It’s common knowledge that hanging around the outdoors, whether that be running bases on the baseball field or trekking in the backcountry — is nothing less than beneficial for you. There’s all that fresh air, exercise, a release from the stresses of everyday life — we could go on infinitum.
So now we have a new study that has scientists telling us there are additional pluses to participating in the wilderness-based activities, and these bennies can result in former sleepy heads who can’t seem to get up in the morning finding themselves leaping out of bed with a spring in their step and a song in their hearts.
According to a recent article in Current Biology, it appears that a large, consistent concentration of florescent lights in schools and the workplace, reading lamps at home, stadium floods and other artificial illumination sources, can really screw up your sleep pattern. And that doesn’t even account for the screen glow from computers, tablets and smartphones.
The study — albeit a small one — claims that an overabundance of artificial light at the wrong time can change sleep patterns and make us grumpy and sluggish in the mornings.
But a week in the wild, these scientists assert, synchronizes the body’s clock to become more attuned to the Sun and natural light sources, such as a candle or a campfire. In fact, sleep researchers maintain that by taking away artificial light, former night owls and other party animals who have a rough time hitting the deck in the morning, find themselves up and at ’em bright and early with more energy than ever before.
Kenneth P. Wright Jr., Ph.D., of the Department of Integrative Physiology at the University of Colorado in Boulder, says the brain’s “clock” lets us know when it’s time to hit the rack. However, unlike an alarm clock, this so-called circadian clock can be affected by artificial light sources, keeping you awake later at night and making it more difficult to get up in the morning.
Wright says that (more…)
Earlier this month, 325 volunteers descended on Camp Waskowitz, a historic outdoor education center and former Civilian Conservation Corp (CCC) camp located south of Seattle, Wash.
These volunteers — organized by NAIOP, the Commercial Real Estate Development Association — didn’t come empty handed. They carried ladders and saws and hammers and nails and paint buckets and brushes.
And in a matter of 10 hours, they completed 20 major projects at this 67-year-old complex — a task that would have taken the camp staff more than five years to accomplish on their own.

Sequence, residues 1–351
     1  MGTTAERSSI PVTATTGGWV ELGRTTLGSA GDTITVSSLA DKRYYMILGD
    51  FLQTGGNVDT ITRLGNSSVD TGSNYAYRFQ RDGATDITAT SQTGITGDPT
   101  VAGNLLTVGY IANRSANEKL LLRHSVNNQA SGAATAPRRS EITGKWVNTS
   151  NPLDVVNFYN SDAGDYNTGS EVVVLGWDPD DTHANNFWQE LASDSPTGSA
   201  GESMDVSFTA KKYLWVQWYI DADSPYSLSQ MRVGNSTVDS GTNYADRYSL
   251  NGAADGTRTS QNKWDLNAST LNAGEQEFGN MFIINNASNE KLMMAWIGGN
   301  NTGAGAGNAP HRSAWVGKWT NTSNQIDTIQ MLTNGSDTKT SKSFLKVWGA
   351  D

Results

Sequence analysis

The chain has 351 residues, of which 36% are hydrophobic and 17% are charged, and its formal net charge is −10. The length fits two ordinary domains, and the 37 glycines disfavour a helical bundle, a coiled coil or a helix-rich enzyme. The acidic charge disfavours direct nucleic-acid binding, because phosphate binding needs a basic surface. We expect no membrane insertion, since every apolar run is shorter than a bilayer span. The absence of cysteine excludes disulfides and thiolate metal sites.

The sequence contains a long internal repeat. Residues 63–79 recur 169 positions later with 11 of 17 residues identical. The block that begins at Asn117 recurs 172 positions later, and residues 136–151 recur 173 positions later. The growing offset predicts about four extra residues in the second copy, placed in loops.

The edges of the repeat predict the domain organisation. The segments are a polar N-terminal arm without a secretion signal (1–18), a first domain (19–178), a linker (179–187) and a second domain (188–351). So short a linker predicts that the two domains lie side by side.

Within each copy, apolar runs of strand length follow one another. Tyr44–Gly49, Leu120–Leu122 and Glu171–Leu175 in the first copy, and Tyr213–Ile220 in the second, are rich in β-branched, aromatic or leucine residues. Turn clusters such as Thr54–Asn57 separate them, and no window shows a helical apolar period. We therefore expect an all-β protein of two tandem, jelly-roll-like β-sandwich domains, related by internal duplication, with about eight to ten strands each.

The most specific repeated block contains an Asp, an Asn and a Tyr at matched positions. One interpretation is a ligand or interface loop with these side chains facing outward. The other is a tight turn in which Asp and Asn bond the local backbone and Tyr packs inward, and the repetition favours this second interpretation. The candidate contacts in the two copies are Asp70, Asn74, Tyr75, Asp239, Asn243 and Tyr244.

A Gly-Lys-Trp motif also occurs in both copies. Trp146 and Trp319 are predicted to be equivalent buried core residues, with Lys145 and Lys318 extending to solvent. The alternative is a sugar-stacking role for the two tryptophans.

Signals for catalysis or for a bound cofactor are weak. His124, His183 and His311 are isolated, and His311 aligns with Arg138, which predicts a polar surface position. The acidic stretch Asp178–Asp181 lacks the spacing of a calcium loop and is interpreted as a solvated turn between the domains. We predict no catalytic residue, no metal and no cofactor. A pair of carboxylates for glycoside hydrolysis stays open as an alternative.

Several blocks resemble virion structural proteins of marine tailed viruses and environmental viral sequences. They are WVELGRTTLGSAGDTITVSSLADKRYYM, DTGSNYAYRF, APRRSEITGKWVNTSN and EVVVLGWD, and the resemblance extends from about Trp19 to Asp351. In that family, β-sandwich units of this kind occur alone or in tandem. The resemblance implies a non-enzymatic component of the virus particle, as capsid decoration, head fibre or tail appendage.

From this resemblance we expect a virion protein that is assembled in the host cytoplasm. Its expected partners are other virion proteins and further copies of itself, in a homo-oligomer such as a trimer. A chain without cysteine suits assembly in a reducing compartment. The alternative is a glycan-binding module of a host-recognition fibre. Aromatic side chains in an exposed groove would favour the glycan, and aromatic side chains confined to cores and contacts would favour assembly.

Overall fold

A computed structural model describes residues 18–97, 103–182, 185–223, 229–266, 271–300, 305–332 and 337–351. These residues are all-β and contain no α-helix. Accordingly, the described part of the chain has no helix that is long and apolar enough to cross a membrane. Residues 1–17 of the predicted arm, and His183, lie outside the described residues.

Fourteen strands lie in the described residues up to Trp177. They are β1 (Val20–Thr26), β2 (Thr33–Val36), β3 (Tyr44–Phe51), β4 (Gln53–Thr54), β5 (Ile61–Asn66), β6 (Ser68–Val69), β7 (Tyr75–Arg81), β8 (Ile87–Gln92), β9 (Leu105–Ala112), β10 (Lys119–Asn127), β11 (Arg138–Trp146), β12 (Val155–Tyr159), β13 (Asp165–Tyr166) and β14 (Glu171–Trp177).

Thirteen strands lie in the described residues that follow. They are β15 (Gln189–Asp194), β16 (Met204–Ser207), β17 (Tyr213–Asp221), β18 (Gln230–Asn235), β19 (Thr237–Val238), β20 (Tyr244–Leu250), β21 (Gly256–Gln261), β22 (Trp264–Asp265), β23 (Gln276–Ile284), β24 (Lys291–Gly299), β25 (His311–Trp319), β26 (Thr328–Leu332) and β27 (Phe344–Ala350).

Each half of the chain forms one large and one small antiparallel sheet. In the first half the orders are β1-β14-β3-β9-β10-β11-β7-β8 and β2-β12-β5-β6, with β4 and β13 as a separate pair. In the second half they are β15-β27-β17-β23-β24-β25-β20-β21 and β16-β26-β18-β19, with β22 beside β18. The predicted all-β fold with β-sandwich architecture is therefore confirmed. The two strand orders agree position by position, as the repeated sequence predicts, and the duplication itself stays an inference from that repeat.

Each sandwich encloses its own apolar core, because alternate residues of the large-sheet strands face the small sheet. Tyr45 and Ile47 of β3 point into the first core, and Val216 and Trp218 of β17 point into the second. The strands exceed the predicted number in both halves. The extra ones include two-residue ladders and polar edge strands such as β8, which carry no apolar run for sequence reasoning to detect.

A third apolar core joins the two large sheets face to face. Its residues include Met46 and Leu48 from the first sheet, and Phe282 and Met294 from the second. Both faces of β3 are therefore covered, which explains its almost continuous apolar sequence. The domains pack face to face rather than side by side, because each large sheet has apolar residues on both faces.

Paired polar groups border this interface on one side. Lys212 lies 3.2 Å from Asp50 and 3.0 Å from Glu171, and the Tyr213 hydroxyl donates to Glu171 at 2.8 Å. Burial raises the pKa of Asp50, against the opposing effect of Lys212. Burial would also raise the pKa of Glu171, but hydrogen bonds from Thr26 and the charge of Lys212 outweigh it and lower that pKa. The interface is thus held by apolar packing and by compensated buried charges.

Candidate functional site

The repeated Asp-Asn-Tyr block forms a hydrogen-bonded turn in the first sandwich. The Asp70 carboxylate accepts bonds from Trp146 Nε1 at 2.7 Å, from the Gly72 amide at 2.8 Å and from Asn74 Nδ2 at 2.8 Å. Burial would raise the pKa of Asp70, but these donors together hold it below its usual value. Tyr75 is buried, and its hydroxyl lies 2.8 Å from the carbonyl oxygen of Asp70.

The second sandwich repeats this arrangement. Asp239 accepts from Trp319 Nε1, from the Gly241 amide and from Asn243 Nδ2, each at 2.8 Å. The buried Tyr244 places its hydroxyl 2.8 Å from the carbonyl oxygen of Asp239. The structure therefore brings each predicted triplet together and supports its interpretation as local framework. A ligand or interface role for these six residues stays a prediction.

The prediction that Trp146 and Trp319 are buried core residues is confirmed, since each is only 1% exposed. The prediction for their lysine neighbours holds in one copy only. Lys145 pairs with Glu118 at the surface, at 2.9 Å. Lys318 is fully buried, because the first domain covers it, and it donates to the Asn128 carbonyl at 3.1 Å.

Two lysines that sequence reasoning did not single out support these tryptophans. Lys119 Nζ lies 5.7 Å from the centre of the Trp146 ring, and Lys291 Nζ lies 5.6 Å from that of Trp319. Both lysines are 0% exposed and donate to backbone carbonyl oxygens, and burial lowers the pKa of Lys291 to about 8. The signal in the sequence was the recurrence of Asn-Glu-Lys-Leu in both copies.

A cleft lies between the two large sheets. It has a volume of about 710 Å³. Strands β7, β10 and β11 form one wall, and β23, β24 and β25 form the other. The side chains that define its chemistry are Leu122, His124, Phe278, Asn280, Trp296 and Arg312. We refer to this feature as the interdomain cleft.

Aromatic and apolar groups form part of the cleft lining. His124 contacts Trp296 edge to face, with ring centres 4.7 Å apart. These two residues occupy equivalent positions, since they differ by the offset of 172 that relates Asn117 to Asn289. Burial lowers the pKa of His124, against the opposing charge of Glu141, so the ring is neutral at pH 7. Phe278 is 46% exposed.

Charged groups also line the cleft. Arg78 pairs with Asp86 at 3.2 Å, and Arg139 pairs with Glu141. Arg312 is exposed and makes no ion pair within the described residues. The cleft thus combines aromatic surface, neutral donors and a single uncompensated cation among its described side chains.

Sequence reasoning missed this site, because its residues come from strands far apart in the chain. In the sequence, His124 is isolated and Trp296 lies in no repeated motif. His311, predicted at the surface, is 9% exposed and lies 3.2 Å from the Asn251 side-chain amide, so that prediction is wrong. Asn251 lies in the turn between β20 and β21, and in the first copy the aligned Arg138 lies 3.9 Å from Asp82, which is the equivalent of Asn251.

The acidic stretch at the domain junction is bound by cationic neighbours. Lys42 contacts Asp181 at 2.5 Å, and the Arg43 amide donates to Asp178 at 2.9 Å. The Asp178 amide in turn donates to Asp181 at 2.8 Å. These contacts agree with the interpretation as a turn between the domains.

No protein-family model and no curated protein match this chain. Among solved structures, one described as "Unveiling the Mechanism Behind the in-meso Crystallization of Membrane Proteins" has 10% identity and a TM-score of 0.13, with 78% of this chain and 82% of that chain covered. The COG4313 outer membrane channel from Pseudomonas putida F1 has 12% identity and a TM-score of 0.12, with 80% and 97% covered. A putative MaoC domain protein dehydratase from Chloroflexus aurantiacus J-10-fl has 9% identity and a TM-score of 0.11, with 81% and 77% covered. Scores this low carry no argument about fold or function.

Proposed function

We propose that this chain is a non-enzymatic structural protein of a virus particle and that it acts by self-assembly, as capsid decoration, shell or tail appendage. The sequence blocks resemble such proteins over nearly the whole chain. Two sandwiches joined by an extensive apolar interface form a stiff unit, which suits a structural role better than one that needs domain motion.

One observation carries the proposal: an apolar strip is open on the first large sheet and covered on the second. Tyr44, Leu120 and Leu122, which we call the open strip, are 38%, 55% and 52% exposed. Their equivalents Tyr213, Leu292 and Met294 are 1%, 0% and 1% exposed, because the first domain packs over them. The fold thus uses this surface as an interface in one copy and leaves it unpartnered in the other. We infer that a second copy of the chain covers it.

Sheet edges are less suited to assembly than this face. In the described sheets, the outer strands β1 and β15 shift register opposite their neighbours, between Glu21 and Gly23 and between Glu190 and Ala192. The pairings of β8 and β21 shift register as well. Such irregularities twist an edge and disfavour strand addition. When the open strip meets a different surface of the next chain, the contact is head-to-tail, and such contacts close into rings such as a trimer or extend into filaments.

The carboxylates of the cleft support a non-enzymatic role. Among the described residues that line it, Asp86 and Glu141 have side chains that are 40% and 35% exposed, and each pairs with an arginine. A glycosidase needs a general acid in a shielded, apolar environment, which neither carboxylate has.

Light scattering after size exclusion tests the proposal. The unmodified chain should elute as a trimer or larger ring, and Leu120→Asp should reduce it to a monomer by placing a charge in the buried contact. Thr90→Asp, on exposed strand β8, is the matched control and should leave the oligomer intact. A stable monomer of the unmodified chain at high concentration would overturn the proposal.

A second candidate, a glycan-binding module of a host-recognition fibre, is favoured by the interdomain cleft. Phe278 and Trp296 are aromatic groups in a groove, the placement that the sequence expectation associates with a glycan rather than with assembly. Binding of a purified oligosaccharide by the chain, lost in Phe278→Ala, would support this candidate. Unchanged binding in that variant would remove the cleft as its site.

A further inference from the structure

Roberta McFarland, the director of Camp Waskowitz, said she felt like the camp had won the lottery. She said the real estate association contacted her nine month ago and asked for a wish list of things that needed to be done. And she complied.
How’s this for a to-do list:
- Stain the cabins, council hall and lookout tower
- Relocate a large deck to the other side of the council hall
- Refurbish numerous benches and picnic tables
- Repair trails and install trail gates
- Install an ADA ramp to the nurse and staff building
- Construct a 150-square-foot greenhouse to grow tree seedlings
- Remove extensive, non-native, invasive plants
- Place 200 tons of crushed rock on walkways and parking lots
Built in 1935 as a temporary facility for the Depression-era Civilian Conservation Corp, the original buildings at Camp Waskowitz are still heavily used today. It is a state and national historic preservation site and one of only two (more…)
To those of us who have worked in the outdoor education field for 20 years or more — or who know the history of our practice and its people — the name Mark Udall rings a familiar sounding bell. Most people nowadays know Mark Udall as the senior U.S. Senator from Colorado whose family’s role in politics, especially in the western part of the United States, spans over 100 years.
But upon closer inspection, it’s not very difficult to tell that Udall is one of us, or said different, that that he used to be one of us and not in some slightly insignificant way. That’s because right there on his Wikipedia entry, Mark Udall lists Outward Bound instructor as his primary job title. We don’t know about you but we think that’s pretty cool and refreshing to see, especially when almost 50% of the members of Congress list “lawyer” as their occupation.
Why point this out? Because Rock & Ice magazine recently ran a profile of Udall in which the 6-foot 5-inch uber legislator calls our attention to the significant role outdoor education can play in our lives. You see, Udall used to run the Colorado Outward Bound School — as in, he was its executive director during one of the organization’s largest growth spurts — and now he’s one of the most powerful and influential people in the United States.
Have a look at what Mark Udall has to say about what he’s learned along the way, and how his career in outdoor education has helped make him the person he is today: (more…)